_{0}) can be written as

which is sometimes more appropriate for calculations (primes denote differentiation with respect to *x*).

In the following we investigate the information provided by the zeros of the function *M*(*x*
_{0}) for the existence of solitary stationary waves in a large variety of inhomogeneous media described by different functions *n*
_{0}(*x*) and *n*
_{2}(*x*). The most generic form for the modulation of the linear and the nonlinear refractive index is given by

corresponding to Fourier series for the case of periodic modulations, generalized Fourier series for quasi-periodic modulations, or finite trigonometric sums. The corresponding Melnikov function is

where

The functions *F*(*K*
^{(0)}
_{m} ,β) and *G*(*K*
^{(2)}
_{m} ,β) contain all the essential information related to the effect of the inhomogeneity on the homoclinic solution. Both functions are strongly localized with respect to the wavenumber *K ^{(i)}_{m}* (

*i*=0,2) with their maximum and width depending strongly on the propagation constant β, as shown in Figs. 1(a) and (b). The latter is quite important since, as we show in the following, the effect of each Fourier component of the inhomogeneity on a stationary solution is not uniform with respect to its propagation constant β. Since β is the longitudinal wavenumber of a stationary solution, this fact reflects the interplay between the transverse and the longitudinal periodicity. On the other hand, noting that the power of the unperturbed solution (5) is

*P*= ∫|

*u*|

^{2}

*dx*= 2√β, the strong dependence of the functions

*F*and

*G*results in power dependent bifurcations of the stationary solutions, as we show in the following.

Due to the fact that the Melnikov function is linear in the Fourier components, without loss of generality, we can consider one or a few Fourier components of the expansion, while the results can be directly extended for the case where all terms of the Fourier expansion are taken into account. A wide variety of configurations can be investigated with the utilization of Eq. (9). In the following we focus on specific cases having essential qualitatively different properties. We consider the case where ε = 0.1 so that the perturbative character of our approach is relevant; however, most of the results also hold even for stronger perturbations.

## 3. Lattice solitons in media with periodically and quasiperiodically modulated linear refractive index

Firstly, let us consider the case where only the linear refractive index is spatially modulated, so that *A*
^{(2)}
_{m} = 0. More specifically, we start from the commonly studied case of a simple harmonic lattice where only one Fourier component (*A*
^{(0)}
_{1}) of *n*
_{0}(*x*) is nonzero. The respective Melnikov function (9)

has two zeros within the period of the spatial modulation. The corresponding soliton solutions have been considered in a large number of previous works, where they have been identified as on-site (stable) and off-site (unstable) solutions, located at the maxima and the minima of the periodic linear refractive index, respectively. The stability of the solution depends on the sign of the derivative of the Melnikov function with respect to *x*
_{0}, *M*́(*x*
_{0}) [46]. Note that the number and the location (*x*
_{0}) as well as the stability type of the solutions does not depend on the propagation constant β.

Let us now consider the more general case where the linear refractive index is periodic but has two Fourier components *K*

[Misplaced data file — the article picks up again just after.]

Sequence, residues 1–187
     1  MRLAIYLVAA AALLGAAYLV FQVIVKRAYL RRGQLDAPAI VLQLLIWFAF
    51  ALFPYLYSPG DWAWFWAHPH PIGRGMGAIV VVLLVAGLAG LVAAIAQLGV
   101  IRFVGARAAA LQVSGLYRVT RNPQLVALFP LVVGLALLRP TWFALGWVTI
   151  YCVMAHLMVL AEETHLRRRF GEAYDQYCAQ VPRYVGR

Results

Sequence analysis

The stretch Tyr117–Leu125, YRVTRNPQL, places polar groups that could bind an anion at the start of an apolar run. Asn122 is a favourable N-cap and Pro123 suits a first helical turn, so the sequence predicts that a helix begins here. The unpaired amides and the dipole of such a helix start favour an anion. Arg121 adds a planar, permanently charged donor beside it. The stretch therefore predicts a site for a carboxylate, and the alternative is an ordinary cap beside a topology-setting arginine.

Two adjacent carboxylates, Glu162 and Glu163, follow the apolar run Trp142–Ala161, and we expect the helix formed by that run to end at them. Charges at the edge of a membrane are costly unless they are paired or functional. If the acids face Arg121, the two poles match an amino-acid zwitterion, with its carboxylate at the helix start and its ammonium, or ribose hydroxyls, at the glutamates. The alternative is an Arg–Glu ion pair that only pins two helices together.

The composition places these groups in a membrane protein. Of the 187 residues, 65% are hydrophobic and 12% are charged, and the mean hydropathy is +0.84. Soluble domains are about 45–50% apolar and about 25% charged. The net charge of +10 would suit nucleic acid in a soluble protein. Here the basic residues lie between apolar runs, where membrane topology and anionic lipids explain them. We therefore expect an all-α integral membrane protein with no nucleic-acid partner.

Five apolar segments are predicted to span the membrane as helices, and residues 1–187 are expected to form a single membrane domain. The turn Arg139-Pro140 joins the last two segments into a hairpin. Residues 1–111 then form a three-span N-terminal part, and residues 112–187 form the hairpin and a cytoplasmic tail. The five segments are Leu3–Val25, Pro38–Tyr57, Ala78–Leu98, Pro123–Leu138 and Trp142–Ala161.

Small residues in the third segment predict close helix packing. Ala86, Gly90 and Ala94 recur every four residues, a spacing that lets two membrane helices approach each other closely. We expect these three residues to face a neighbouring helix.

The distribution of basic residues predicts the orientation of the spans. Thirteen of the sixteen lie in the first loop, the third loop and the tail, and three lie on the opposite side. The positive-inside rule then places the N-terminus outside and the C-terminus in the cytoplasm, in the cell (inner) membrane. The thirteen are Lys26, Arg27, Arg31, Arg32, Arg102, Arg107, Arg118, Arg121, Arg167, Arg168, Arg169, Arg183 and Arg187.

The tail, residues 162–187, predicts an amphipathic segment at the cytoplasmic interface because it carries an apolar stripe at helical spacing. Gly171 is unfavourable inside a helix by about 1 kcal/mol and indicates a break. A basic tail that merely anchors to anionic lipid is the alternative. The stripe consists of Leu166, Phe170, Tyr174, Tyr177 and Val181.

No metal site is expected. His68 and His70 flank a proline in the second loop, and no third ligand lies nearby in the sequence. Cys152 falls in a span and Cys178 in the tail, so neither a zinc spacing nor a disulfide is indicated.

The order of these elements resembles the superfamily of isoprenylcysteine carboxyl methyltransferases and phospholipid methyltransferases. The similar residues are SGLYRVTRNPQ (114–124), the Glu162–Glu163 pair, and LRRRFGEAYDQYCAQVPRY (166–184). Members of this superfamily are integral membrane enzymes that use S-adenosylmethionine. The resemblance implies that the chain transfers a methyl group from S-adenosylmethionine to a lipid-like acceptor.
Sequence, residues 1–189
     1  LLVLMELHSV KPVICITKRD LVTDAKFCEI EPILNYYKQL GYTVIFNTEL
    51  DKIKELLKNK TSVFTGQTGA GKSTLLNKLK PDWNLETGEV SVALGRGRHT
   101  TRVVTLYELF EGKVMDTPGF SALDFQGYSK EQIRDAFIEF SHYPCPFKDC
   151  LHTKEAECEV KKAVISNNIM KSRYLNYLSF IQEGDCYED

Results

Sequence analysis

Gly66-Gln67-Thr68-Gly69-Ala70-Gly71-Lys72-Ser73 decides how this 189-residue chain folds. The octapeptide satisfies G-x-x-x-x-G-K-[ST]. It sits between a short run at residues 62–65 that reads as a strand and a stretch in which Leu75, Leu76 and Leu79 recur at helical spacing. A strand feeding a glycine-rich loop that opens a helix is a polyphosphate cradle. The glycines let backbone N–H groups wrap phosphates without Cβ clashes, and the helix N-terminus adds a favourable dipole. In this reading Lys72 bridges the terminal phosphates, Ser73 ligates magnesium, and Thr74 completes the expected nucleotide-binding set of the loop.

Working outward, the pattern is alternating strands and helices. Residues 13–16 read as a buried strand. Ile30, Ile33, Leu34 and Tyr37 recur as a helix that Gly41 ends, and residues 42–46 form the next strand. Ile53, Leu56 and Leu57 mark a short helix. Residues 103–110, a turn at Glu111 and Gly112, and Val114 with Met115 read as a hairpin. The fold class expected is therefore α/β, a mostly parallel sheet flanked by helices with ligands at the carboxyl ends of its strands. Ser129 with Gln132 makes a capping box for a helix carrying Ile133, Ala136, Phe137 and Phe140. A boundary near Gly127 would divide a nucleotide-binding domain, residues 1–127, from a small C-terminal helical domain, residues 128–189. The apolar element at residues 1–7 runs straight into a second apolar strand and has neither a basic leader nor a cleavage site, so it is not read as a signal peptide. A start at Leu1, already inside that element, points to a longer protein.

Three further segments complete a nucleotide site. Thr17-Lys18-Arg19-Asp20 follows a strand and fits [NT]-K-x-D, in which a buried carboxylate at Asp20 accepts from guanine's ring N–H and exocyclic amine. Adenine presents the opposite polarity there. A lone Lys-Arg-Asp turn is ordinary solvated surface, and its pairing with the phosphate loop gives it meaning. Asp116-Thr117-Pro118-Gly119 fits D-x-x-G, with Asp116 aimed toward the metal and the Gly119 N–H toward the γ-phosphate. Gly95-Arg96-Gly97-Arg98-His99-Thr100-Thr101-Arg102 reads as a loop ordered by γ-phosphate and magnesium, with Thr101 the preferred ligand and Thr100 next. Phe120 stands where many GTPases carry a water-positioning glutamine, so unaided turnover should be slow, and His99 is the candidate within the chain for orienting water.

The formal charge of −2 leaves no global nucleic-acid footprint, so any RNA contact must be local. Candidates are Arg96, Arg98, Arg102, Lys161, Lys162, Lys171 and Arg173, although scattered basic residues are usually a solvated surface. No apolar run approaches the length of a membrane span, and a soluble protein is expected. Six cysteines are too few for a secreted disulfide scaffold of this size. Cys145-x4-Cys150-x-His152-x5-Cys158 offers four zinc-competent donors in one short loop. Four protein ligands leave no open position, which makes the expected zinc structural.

^{(0)}
_{1} = 1,*K*
^{(0)}
_{2} = 2, with *A*
^{(0)}
_{1} = 1 and *ϕ*
^{(0)}
_{1} = 0. In the following we investigate the effect of the second Fourier component on soliton formation and propagation for solitons having different β. For an analogous case of gap solitons, it has been shown in a more general setting that only two solutions bifurcate in periodic potentials on a single period if β is small [43]. According to Eq. (9), the stationary solutions correspond to the zeros of the Melnikov function given by the equation

The spatial profile of the linear refractive index along with the positions of the corresponding zeros of the Melnikov function are shown in Fig. 2 for the case *A*
^{(0)}
_{2} = 1, *ϕ*
^{(0)}
_{2} = 0 and for propagation constants β = 0.1 (circles) and β = 1 (asterisks). It is shown that for β = 0.1 the Melnikov function has only two zeros (circles) located at *x* = 0,*π*, while for β = 1 two additional zeros (asterisks) appear at *x* ≃ 2.25,4.05 (in symmetric positions with respect to *x* = *π*). The latter correspond to asymmetric solution profiles. The effect of the second Fourier component on the solutions corresponding to different propagation constants, differs for the two cases due to the strong dependence of the Melnikov function (9) on β through the function *F* as shown in Fig. 1. Therefore, there is no significant effect of the second Fourier component for solutions with propagation constant β = 0.1. This is a case of a power (or β) dependent bifurcation: for small β only two stationary solutions located at *x*
_{0} = 0,*π* exist with the former being stable and the latter being unstable, while for higher β two additional stationary solutions appear, resulting also to a change of the stability of the solution located at *x*
_{0} = *π*. The corresponding bifurcation (transition) value for β is given from the equation *M*́(*x*
_{0} = *π*) = 0. It is worth mentioning that, in contrast to the case of a lattice modulated by a single wavenumber, the appearance of more than one wavenumbers results in nonuniform existence and stability properties with respect to β. This interesting feature suggests a power selectivity property of a polychromatic lattice which is promising for applications.

The stationary solutions for each case are shown in Fig. 3 (due to the symmetry of the linear refractive index profile, only solutions in [0,*π*] are shown). Their evolution under propagation is depicted in Fig. 4, where it is confirmed that stable and unstable solutions are alternate. (In all cases a random noise 1% of the maximum of solution amplitude has been superimposed on the amplitude and the phase of the stationary profiles for the numerical study of their stability.) It is also confirmed that the stationary solution located at the local maximum at *x* = *π* is unstable for β = 0.1, while it is stable for β = 1. Qualitatively similar conclusions can be made for different selections of the amplitude *A*